NYC Schools Need Some Mayoral Control
Anything is better than revisiting the past with the old school system. It was a cruel joke. Still, if the charter schools are enjoying incredible success with their students, then why canâ€™t we lift the lagging traditional schools to an equal par to these flagship schools for the rest of the city?
Who are we to believe?
Is Mayor Bloomberg’s tight grip over New York City’s schools making a difference? Or are the poor, the minorities, the special needs students still being left out of the education renaissance in Gotham City?
In a campaign worthy of a bitter national Democrat-GOP mix-up, the lobbyists and proxies have swarmed all over New York State to convince Albany to stay the course in terms of mayoral control. Albany legislators, still undecided on which way to go, must make up their mind on the issue before the end of June. If they twiddle their thumbs, the law will expire.
Mayor Bloomberg, in the middle of a lackluster City Hall campaign, has plenty riding on retaining mayoral control over city schools. The 2002 law ended the corrupt Board of Education and gave the mayor control of a chancellor appointment. Newspapers and city watchdog groups had been long complaining about the BOE, which was riddled with cost overruns, patronage, secrecy and outright theft.
Nobody misses the Board of Education, which used their control of schools to pad the bank accounts of several key officials and their families and girlfriends.
Within a period of two months, editorials of the city’s major newspapers have touted the achievements of the seven-year reforms of the nation’s largest school system. School Chancellor Joel Klein was proud to announce that there has been an over 20% rise in students from fifth to eighth grades achieving passing grades. Mayor Bloomberg has beamed with the news about Black and Hispanic students narrowing the school achievement gap with their white peers by 4 and 5 points.
While the ruckus of mayoral control bubbles over, there is something fishy about the current state of our traditional public schools. Forget the United Federation of Teachers (UFT). Forget the Campaign for Better Schools. Forget ACORN. Forget Learn-NY and its mouthpiece, Rudy Giuliani.
Look at our faltering traditional public schools in poorer areas. They are still not a good academic environment for our children to learn. The schools are still dangerous, overcrowded, and ill-equipped in poorer minority communities.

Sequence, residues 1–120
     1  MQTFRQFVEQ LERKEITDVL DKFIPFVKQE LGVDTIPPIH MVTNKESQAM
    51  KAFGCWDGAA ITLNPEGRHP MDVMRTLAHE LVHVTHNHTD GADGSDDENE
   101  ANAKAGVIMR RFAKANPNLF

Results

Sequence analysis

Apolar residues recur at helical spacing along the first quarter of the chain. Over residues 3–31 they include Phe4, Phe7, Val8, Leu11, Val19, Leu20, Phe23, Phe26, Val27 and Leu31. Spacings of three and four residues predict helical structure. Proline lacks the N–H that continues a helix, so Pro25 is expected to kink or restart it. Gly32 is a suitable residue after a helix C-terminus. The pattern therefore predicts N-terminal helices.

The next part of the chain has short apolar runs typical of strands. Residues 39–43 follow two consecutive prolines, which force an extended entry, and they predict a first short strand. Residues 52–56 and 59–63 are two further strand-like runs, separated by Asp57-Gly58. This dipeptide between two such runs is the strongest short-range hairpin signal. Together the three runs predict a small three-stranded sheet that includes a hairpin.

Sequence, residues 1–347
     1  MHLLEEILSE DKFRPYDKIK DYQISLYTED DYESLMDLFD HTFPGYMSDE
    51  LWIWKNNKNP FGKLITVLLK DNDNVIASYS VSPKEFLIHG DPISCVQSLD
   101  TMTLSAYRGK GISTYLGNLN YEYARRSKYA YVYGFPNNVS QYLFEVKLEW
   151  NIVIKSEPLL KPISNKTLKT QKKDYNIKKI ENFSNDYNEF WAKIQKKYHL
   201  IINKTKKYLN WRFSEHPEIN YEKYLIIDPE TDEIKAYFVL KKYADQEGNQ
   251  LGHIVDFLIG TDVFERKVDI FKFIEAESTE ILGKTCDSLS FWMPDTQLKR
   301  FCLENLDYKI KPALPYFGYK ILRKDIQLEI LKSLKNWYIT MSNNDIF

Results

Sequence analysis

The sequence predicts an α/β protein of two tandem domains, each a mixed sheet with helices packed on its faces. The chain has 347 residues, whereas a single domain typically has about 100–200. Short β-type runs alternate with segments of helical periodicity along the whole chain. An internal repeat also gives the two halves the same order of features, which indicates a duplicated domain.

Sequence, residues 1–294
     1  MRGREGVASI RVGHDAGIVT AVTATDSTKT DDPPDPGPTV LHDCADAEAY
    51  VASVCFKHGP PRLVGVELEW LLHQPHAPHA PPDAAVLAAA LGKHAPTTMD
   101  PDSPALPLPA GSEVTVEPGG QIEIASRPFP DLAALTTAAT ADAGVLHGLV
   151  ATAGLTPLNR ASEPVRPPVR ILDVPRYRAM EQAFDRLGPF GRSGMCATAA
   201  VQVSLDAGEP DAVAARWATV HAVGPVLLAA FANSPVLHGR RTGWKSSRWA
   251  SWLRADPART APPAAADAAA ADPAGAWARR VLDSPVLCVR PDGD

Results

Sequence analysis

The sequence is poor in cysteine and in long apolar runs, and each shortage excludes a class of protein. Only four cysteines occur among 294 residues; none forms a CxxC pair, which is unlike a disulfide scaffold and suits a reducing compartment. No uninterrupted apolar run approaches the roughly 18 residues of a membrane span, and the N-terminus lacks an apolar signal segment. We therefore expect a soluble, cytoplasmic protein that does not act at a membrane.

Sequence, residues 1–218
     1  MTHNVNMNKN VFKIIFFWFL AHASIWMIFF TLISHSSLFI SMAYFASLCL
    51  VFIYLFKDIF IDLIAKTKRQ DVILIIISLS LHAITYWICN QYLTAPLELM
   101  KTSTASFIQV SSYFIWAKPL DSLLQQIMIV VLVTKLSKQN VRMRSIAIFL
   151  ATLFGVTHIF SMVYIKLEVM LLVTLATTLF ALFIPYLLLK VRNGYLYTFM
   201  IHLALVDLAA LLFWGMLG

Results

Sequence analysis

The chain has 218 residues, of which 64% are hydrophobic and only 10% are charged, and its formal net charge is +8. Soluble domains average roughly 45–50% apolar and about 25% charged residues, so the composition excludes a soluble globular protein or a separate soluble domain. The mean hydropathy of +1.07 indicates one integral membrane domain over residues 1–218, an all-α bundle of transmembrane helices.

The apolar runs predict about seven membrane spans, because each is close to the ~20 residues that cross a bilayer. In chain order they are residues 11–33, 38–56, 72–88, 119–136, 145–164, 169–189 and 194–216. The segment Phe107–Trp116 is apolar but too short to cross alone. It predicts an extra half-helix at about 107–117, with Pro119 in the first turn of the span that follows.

Aside from the startling triumphs with charter schools, Harlem State Senator Bill Perkins was right when he talked about public schools earlier this month: “Why are they fleeing the schools above 96th Street? You got charter schools uptown and regular schools downtown. That’s polarizing. These schools are drowning in failure and people are fleeing them. They don’t accept that as progress.”
When reporters pressed him, Perkins asked the crucial question: “Why don’t we fix traditional public schools?” A lot of children are being left behind.
A recent New York Daily News report revealed that the poorest children in the school system, the children learning English as a second language, the children with special needs are given the short end of the stick by both in the traditional schools and the charter schools. Conditions must be improved for those children in both systems. With charters, administrators should recruit the children of immigrants more effectively, bringing them into the fold. With the traditional school system, these children should be properly served and not immediately classified as special education students.
Mayor Bloomberg, in a radio address, dealt with the notion of possible changes of mayoral control from Albany: “There is not one of the reforms that were done in the last seven years that would have been done without mayoral control.”
He is not budging on his stance.
But in Albany, state lawmakers might have some surprises for the mayor and his school chancellor. They are leaning toward making significant changes before renewing the law. As State Assembly Speaker Sheldon Silver told reporters about the law, he was deadly serious: “The law can be made better without losing the principles for which it was originally contemplated and without going back to an old, failed system.”
Anything is better than revisiting the past with the old school system. It was a cruel joke. Still, if the charter schools are enjoying incredible success with their students, then why can’t we lift the lagging traditional schools to an equal par to these flagship schools for the rest of the city?
As citizens of this great city and parents and employers, we should demand nothing less than excellent schools in every community of New York.
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